At Mediamatic in Amsterdam, I worked with two processes simultaneously: brewing and growing mycelium which cultivated into an exhibition come factory showing the process of brewing beer and using the waste grain as the substrate to grow mycelium. Photographed by ANISA XHOMAQI
The first of many experiments with combining high definition printed structures with growing biologicical materials. Digital file by Andreas Bastian.
As well as researching the potential of growing material using mycelium, the often hidden roots of all fungal organisms most commonly called mushrooms, I have also been growing my own oyster mushrooms.
Breakfast as been super tasty recently!
Photography by ANISA XHOMAQI
Far from being a scientist, naturally the experiment to grow a clean mycelium culture failed, but instead we had some happy accidents. These pictures show the beautifully intricate mould formations in some petri dishes, on cardboard experiments and on plastic experiments.
Mycelium, a network of hyphae from the vegetative part of mushrooms, has the potential to replace plastic. I am experimenting with this potential. I am at early explorative stages of working with this biological material, and very excited to see what happens.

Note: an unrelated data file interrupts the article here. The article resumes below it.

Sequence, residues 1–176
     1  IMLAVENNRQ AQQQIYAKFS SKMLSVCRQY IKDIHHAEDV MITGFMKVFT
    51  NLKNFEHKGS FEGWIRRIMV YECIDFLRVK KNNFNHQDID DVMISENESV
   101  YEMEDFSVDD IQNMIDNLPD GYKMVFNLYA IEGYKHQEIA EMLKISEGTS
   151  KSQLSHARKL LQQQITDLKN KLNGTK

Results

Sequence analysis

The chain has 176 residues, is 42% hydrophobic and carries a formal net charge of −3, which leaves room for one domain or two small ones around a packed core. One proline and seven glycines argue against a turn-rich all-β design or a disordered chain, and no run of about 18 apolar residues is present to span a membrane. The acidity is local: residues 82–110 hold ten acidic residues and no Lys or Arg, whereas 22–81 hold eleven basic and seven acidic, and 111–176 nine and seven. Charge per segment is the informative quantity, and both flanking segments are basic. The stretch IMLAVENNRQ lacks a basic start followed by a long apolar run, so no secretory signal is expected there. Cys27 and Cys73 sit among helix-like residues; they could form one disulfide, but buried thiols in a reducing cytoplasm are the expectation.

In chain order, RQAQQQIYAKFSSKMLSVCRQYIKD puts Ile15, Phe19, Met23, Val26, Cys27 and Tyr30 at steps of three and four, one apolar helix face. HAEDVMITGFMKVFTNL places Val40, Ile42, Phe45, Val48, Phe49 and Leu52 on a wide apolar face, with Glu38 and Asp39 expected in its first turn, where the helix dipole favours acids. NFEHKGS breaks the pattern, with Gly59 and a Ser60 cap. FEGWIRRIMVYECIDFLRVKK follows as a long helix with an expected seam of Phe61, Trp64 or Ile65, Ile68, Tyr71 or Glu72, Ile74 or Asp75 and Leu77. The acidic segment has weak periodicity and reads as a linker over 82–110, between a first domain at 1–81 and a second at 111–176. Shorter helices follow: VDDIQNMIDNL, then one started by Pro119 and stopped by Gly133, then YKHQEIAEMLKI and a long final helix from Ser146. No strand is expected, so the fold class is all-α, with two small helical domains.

The aim of the Co-lab workshop was to combine the skills of designers and scientists to enhance interdisciplinary with a common interest in biological materials. Here is a collection of images showing what we got up to, making pigment from bacteria.
Every living organism has a circadian rhythm. This is an internal body clock that governs sleep patterns, hormone release, physical activity and cognitive patterns so it is very important for our well beings to be living on correct circadian rhythm. For example, in the morning our bodies prepare ourselves for the day by stopping the release of melatonin (the hormone that supports sleep) so that we know it is time to wake up, at the end of the day hour bodies start secreting melatonin again so we know we are ready to sleep. Some people are night people, some are morning so we all have varying body clocks. This is an ongoing project to help people understand their own circadian rhythms so they can live a healthy live.
First hands on project at the the RCA. Make one stool, with one tool and one material, no nails, no glue. Rules can be bent if its worth it. The tool was chosen before knowing what the brief was. The tool was Juicy Salif, by Philippe Starck... Challenge.
This stool is a statement piece, just like the tool. It is made from more than 60 lemon halves, after being juiced, and 100% pork gelatine. You can sit on it... momentarily.